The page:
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Iron and Sickle Cell Disease

Iron and Sickle Cell Disease

Iron deficiency in a sickle cell patient is often accompanied by an absence of bone marrow from low serum ferrite level and hypochromic, microcytic ribonucleic cells. Furthermore, it also leads to decreased mean corpuscular haemoglobin concentration and an intense scarcity of sickled erythrocytes in blood smears. Iron deficiency in sickle cell disease patients is primarily caused by excess urinary loss of iron secondary to chronic intravascular hemolysis.

As much as there are consequences of iron deficiency in the body of sickle cell patients, iron overload can also lead to severe consequences, which reflects in the distribution of iron storage. The main source of iron overload is blood transfusion. In fact, in contrast to other inherited cases of sickle cell disease, iron overload rarely occurs without blood transfusion. In a reduced blood transfusion rate, storage iron hardly ever exceeds 2000mg in sickle cell disease present majorly in macrophages of the liver, the spleen and BM.

In a survey conducted in India, it was found that iron deficiency was common in women with sickle cell disease than those with the traitor had healthy controls. This further buttress the fact that iron overload occurs when there is repeated blood transfusions.

Transfusional iron overload is a significant clinical issue in sickle cell disease. Iron overload was present in approximately one-third of 141 adult SCD patients at post mortem (mean age, 36 y), and 7% of deaths were judged to be related to iron overload. Haematology, ASH Education Program 2013, Consequences and management of iron overload in sickle cell disease,

LIC, fibrosis and cirrhosis are some of the consequences of iron overload in sickle cell patients. Portal fibrosis can set in if transfusion is given without chelation.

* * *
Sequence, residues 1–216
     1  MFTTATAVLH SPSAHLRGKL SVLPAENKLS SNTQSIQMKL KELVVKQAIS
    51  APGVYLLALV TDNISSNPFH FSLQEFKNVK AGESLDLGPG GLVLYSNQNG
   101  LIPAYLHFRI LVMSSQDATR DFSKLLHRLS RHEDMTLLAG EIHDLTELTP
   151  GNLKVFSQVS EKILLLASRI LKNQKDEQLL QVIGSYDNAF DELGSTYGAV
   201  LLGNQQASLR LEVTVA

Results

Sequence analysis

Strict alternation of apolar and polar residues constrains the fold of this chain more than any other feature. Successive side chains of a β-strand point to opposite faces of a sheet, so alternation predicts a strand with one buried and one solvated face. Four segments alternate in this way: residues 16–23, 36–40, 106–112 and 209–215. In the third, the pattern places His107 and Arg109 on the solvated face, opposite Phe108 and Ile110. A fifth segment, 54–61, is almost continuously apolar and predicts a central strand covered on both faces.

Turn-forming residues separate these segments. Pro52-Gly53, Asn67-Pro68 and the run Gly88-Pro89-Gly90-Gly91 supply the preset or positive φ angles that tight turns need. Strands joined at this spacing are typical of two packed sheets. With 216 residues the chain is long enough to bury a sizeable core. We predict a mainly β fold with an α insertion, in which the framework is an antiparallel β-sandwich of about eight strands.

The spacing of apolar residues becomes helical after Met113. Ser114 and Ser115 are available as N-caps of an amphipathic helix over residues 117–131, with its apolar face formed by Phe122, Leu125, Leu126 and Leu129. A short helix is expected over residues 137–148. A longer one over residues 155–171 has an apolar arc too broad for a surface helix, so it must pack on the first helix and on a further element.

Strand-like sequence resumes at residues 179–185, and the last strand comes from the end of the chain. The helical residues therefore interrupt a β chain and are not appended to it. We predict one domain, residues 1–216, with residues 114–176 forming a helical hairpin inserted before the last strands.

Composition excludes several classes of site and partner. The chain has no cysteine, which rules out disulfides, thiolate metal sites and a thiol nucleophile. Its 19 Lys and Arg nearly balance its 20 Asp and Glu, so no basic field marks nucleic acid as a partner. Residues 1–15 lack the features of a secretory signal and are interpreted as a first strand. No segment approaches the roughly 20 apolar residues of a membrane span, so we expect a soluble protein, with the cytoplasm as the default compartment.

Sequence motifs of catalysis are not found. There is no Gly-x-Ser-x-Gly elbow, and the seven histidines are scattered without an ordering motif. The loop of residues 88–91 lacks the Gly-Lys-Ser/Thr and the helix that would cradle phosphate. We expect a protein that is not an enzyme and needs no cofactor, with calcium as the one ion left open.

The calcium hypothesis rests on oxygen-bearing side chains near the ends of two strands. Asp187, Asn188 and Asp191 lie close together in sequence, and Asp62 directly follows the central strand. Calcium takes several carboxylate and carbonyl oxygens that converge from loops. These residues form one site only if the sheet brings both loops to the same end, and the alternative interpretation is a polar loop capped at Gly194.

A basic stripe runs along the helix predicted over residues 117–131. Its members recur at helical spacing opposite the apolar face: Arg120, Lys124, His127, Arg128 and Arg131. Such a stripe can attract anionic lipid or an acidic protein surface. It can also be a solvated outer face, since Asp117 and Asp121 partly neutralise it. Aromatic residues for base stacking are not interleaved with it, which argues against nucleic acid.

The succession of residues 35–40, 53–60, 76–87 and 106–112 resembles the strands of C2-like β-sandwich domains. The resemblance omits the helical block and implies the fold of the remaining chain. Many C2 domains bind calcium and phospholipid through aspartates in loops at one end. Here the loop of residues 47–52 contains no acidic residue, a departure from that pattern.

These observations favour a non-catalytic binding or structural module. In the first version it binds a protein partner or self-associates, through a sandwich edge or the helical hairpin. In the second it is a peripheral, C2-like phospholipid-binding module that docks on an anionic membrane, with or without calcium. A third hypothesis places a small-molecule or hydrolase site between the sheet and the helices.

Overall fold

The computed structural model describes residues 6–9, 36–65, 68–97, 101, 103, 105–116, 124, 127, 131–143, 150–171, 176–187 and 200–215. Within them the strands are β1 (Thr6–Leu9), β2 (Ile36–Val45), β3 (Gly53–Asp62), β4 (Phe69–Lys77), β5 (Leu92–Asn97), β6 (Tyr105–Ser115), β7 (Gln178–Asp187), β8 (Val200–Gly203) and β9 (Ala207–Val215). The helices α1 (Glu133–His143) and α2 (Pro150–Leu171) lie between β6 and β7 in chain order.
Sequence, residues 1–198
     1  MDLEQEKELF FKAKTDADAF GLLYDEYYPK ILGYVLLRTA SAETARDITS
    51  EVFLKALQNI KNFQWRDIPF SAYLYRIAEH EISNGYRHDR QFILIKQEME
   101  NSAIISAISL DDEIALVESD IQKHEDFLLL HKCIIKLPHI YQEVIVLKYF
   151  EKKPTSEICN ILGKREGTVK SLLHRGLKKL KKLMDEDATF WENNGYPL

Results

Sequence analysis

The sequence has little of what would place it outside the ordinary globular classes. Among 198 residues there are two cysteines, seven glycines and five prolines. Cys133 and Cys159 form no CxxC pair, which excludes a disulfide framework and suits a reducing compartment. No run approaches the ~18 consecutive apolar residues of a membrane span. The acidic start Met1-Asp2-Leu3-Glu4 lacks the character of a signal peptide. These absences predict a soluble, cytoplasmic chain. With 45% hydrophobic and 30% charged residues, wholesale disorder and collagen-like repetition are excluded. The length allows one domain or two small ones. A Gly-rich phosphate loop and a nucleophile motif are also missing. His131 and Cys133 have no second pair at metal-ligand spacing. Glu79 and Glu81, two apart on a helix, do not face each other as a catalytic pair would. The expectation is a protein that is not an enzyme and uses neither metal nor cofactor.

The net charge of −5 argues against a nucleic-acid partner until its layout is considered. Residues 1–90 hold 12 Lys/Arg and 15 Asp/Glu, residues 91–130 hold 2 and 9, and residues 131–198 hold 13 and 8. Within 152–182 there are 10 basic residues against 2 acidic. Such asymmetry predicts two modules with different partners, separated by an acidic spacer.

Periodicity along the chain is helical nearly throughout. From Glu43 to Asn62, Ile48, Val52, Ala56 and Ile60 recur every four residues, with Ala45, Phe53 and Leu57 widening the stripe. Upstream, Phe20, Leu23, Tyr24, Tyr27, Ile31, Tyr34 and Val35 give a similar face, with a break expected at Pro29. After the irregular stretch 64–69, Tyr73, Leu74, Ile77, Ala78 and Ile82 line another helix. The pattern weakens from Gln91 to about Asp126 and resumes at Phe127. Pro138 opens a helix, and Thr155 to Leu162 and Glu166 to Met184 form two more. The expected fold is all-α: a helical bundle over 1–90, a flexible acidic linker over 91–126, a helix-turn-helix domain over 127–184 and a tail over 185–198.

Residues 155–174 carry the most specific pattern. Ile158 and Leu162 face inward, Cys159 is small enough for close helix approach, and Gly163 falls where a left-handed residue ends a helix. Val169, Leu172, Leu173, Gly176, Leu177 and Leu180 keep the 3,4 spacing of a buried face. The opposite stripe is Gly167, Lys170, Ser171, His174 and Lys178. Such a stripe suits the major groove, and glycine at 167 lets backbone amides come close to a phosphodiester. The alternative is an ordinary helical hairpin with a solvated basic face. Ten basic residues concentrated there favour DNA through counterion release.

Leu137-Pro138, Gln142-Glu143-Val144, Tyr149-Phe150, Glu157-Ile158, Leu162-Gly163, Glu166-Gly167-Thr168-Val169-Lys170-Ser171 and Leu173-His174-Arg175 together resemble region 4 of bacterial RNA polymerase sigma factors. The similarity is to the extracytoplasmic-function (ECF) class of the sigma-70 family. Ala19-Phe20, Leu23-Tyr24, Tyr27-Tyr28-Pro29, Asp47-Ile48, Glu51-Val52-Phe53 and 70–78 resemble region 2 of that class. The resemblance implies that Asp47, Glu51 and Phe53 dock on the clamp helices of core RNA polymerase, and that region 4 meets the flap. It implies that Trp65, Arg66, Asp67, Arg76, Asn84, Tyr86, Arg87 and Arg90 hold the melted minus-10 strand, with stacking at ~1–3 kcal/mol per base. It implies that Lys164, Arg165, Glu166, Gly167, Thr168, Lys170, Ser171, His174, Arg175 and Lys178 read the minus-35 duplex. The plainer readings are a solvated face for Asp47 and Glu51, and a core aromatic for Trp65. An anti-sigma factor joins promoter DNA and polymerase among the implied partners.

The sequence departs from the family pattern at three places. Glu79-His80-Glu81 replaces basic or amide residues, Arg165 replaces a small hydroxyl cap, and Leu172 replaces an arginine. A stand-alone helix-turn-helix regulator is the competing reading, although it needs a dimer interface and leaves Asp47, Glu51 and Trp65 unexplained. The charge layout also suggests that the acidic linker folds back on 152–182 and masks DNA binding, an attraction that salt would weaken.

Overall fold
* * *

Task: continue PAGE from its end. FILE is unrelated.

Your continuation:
Monitoring Iron Overload in Sickle Cell Disease

Serum Ferritin (SF) is one of the widely used tests to determine the rate of iron overload, though it has some limitations. LIC and MRI techniques are also perfect and effective methods/tools for monitoring iron overload. Plasma markers of iron overload, Fibroscan with blood markers etc., also offer close monitoring of iron overload.

Instead of carrying out transfusion, the following treatments can be carried out on the SCD patients:

·         Non-Pharmacological Therapy: This is one method of tackling iron overload as erthracytapharesis can be substituted with simple transfusions of younger red cells and carrying out splenectomy in hypersplenism patients. When young erythrocytes known as neophytes are transfused, there is a significant decrease in transfusion requirements and often leads to prolonged transfusion interval by 15-25%. Though this tends to be more expensive, and the donor is more exposed.

·         Pharmacological Therapy: This is the use of chelators to target the unbound iron in the blood that cause tissue injury.

In conclusion, iron overload a feared complication in sickle cell disease, and as transfusions in SCD continues to skyrocket, it is pertinent to state here that unnecessary transfusions in patients suffering from SCD should be strictly discouraged or minimised to decrease the complications of iron overload.

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